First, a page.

It came to a point where it did not matter whether I was in school or not, because at the end everything was about basic stereotype and discrimination of my race. I even experienced discrimination by my teacher, which is not something a role model of students should be like. Looking back on it now I distinctly remember a few moments when I felt my teacher treated me with a discriminatory manner. Having only been in a Spanish school for two years, the language barrier was still a challenging obstacle for me up to that moment. Not knowing the language thoroughly became an impediment to learning and strained my relationship with my teacher.
Jon looked confused as he looks towards me and his mom. His mom then shook her head, gave a big sigh, and went back inside the church, all disappointed. In Lisa Kanae’s book, Sista Tongue, it tells about how she helps out her little brother with his English in the outside world while keeping the Pidgin language inside at home. Apparently all the kids at her brother’s school are teasing him just because he got a hard time speaking and understanding English.
Sam then has a parent-teacher conference since Lucy is holding back in class and doesn’t want to advance, as to not leave him behind. When Lucy pretends she does not know how to say a word because she does not want to be smarter than her father, Sam tells her that her reading makes him happy. This exchange illustrates how different Sam and Lucy’s relationship is from the typical father-daughter relationship, instead of him helping her in school work, she has to learn by herself. Sam has a job at Starbucks cleaning tables that he has held for eight years showing that he is capable and hardworking human being. But once Sam finally receives
In Central America, some parents leave their children, and set out a journey to the United States in hopes of making a better life for them. Throughout the years, the children who are left behind eventually go on a journey to be reunited with their family. On the journey, the children acquire many character traits and skills that ultimately make them grow as a person. In the book by Sonia Nazario titled Enrique’s Journey, author Nazario writes about Enrique, a young Honduran boy, who goes on a long and strenuous trip to find his mother. In the article “Desperate Voyagers,” by Ioan Grillo, it talks on the subject of children fleeing their country due to gang violence.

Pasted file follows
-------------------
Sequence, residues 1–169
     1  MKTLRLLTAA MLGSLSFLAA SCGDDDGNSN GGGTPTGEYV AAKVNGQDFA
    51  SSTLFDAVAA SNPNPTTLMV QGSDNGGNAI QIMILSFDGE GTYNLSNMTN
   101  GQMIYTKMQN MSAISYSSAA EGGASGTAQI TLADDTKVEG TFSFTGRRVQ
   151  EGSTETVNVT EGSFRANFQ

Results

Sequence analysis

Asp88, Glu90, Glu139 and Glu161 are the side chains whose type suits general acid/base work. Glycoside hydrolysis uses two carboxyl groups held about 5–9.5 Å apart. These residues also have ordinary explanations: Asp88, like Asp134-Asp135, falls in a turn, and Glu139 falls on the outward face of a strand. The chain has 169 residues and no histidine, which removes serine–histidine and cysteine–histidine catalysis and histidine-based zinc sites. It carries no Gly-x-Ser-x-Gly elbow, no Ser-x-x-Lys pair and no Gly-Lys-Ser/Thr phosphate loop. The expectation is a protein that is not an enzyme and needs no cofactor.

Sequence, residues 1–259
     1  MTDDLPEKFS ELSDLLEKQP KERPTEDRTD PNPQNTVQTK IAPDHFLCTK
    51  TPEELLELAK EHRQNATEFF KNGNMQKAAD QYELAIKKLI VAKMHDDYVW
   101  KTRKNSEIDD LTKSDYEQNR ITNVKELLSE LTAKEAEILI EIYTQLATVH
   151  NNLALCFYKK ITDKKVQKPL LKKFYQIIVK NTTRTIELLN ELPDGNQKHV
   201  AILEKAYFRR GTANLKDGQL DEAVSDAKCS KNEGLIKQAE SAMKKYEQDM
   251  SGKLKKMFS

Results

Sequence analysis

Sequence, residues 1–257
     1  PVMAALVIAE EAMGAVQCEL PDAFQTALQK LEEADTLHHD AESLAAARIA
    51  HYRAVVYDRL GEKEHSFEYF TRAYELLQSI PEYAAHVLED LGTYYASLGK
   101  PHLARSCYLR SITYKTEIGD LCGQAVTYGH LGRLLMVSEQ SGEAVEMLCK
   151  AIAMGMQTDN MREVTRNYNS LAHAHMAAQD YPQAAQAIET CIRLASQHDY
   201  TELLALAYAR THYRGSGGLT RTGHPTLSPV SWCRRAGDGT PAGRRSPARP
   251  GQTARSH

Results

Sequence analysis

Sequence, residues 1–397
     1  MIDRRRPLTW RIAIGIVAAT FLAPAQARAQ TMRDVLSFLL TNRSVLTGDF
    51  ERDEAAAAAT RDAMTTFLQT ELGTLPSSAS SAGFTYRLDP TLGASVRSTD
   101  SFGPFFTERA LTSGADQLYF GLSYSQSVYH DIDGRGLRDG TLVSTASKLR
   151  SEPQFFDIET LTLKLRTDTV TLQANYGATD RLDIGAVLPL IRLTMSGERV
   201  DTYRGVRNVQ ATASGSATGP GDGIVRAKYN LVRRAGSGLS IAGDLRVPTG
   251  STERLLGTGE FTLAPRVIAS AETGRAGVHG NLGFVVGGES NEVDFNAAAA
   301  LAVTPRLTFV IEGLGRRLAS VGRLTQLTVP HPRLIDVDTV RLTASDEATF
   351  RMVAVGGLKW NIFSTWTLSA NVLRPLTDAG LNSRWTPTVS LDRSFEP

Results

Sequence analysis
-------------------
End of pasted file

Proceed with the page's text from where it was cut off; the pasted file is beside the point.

Hunger of Memory is a memoir of the educational experience of Richard Rodriguez and his journey as a first generation Mexican- American citizen. The book is compiled of a prologue, in which he states his reasons for writing, and six chapters with no specific chronological order. Richard Rodriguez grew up in a white, middle-class neighborhood and attended a Catholic school. He describes his early childhood as a war between his “public” and “private life”: a war between school and home. He struggled when he first started school, because English was his second language and he felt insecure about his shaky ability to communicate through it.
The power of language We all have some form of language limitations, no matter where we come from and what our background is. “Mother tongue” by Amy Tan and “How to Tame a Wild Tongue” by Gloria Anzaldua both share similar themes in their stories that demonstrate how they both deal with how different forms of the same language are portrayed in society. In both stories they speak about what society declares the right way of speech and having to face prejudgment, the two authors share their personal experiences of how they’ve dealt with it.